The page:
The Battle Over Political Correctness Continues

 by Walter Block

For those of you who are new to this story, and have not been following the story of my adventures at Loyola College of Maryland, I was accused of racism and sexism for explaining the male-female, and the white-black wage gaps. Here is a bit of recapitulation of this thread:

Coverage has been provided by the major media here, here, here and here.

Electronic Media has offered the following: here, here, here, here, here, here, here, here and here. Here and here are two very different takes on this episode from my own school. For my own viewpoint on this episode, see here, here, here, here, here and here.

The present chapter in this saga consists of several sections. In the first, there are letters to the editor of the Times Picayune, the major newspaper of New Orleans, and my replies to them. The letters are reprinted below, but may be found here (Soublet), here (Doheny), here (Quant), here (Baker) and here (Father Wildes, S.J., president of the Loyola University New Orleans). (I have previously reported on my longer correspondences with Quant and Wildes; what appears below breaks entirely new ground.)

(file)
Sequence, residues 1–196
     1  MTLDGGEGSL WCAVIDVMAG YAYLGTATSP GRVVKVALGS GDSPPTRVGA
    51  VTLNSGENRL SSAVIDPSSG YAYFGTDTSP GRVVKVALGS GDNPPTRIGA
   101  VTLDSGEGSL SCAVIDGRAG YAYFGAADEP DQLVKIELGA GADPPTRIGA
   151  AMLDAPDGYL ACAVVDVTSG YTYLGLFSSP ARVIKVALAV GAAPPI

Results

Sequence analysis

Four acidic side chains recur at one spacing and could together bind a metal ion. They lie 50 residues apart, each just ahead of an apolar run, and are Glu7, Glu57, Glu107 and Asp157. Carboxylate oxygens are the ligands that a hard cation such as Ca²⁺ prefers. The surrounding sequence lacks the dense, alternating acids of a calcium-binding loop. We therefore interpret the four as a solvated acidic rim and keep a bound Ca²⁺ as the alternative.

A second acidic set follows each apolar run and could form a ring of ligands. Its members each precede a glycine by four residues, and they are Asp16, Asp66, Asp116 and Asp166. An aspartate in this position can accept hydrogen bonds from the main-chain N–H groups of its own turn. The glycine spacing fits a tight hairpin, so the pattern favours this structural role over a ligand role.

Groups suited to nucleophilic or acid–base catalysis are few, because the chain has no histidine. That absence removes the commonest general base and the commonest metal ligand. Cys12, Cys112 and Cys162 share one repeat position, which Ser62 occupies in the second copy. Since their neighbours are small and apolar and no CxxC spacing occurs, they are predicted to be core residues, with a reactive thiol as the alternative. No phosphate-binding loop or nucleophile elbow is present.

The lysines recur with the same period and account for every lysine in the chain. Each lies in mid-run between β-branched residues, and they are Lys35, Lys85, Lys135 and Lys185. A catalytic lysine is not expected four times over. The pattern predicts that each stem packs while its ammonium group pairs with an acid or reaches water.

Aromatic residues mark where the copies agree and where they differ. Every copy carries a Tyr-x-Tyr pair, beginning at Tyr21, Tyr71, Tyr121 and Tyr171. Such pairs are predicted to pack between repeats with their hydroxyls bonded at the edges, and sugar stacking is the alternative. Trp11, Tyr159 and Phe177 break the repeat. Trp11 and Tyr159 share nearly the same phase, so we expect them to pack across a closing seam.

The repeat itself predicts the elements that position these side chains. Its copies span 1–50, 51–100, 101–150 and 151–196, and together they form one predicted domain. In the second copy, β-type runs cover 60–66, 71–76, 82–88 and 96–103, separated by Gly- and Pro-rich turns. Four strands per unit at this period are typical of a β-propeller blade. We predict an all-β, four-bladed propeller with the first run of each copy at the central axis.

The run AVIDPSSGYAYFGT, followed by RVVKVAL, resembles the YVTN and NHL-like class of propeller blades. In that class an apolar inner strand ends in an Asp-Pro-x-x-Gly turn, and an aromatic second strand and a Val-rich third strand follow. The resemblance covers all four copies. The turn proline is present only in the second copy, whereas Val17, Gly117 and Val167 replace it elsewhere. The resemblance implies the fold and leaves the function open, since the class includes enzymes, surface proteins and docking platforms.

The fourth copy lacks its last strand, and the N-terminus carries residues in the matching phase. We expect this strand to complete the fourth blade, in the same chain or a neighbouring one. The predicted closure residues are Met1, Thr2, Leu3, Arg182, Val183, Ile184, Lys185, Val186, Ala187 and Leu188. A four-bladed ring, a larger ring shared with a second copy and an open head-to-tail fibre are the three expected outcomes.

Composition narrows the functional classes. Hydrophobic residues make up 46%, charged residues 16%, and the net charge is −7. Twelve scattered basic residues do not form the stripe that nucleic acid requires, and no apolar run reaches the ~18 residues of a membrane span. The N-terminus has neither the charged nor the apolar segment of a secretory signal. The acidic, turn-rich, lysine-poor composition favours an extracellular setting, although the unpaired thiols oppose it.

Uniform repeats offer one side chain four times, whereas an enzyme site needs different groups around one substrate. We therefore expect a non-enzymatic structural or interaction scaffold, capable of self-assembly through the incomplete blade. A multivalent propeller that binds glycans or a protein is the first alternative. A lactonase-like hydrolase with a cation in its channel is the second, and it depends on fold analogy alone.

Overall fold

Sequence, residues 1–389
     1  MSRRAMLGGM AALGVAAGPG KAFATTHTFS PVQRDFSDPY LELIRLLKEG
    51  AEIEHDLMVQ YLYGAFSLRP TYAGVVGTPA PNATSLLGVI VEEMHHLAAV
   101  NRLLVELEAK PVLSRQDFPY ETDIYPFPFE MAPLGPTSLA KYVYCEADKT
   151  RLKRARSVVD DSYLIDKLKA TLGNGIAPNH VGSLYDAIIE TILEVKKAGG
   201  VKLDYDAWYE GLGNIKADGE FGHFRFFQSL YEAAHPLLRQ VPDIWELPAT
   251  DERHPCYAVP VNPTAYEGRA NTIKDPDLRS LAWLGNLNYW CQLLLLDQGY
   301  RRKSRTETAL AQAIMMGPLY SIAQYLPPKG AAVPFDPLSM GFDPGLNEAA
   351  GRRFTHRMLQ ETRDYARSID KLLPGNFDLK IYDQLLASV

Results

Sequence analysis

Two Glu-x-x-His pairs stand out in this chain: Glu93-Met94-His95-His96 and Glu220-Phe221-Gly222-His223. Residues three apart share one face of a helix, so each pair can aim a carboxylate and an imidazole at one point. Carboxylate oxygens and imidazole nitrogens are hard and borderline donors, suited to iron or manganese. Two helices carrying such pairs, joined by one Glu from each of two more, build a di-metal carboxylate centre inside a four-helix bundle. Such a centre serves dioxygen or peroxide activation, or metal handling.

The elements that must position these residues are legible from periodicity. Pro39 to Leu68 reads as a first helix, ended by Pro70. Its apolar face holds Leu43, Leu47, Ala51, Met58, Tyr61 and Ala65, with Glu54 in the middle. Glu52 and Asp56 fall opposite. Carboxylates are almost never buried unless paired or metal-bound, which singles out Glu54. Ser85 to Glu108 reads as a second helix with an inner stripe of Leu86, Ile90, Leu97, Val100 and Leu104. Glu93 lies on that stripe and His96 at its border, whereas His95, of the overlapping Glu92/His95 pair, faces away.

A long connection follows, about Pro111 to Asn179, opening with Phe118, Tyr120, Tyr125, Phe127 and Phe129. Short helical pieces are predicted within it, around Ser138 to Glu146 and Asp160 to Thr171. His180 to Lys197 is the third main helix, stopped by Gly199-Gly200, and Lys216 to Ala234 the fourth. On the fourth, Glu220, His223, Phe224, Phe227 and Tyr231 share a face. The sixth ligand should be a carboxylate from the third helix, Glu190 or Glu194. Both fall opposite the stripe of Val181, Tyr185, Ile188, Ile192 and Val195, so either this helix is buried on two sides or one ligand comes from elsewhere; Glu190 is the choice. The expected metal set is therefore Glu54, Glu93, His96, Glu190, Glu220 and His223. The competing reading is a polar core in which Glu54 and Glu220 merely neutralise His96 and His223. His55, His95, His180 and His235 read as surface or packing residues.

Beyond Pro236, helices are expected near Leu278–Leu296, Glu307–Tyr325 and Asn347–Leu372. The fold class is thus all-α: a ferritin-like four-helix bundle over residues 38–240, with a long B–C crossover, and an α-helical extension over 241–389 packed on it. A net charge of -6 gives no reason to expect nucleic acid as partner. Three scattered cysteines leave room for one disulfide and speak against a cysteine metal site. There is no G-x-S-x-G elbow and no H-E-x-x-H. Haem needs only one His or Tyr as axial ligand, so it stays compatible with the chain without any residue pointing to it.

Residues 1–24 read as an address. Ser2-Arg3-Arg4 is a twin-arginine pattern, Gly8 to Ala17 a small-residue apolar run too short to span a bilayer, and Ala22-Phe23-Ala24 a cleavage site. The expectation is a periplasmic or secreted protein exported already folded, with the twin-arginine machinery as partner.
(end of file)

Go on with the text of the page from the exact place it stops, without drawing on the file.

These five published letters to the editor of the Times Picayune were in response to James Gill’s “Loyola economist is off-base on productivity,” 12/1/08, that reported on a speech I gave at Loyola College Maryland. I asked the editor for a reply of 800 words, the usual length of an op-ed. That was denied. In return, I was then offered 250 words, which I duly sent off the editor of this newspaper. This was rejected on the ground that the context of my reply was unclear. Well, yes, it is difficult to respond to five letters in so few words. In what follows, I reprint these letters, followed by my non-truncated, well, greatly expanded for this venue, responses.

In section II I offer an exchange with a professor from the Baltimore area who attended the lecture. He is the only attendee, at least so far, who has written me about this issue. Section III is devoted to my attempt to become, of all things, a theologian. I conclude in section IV with some reflections about my experiences.

Original Story Continues HERE


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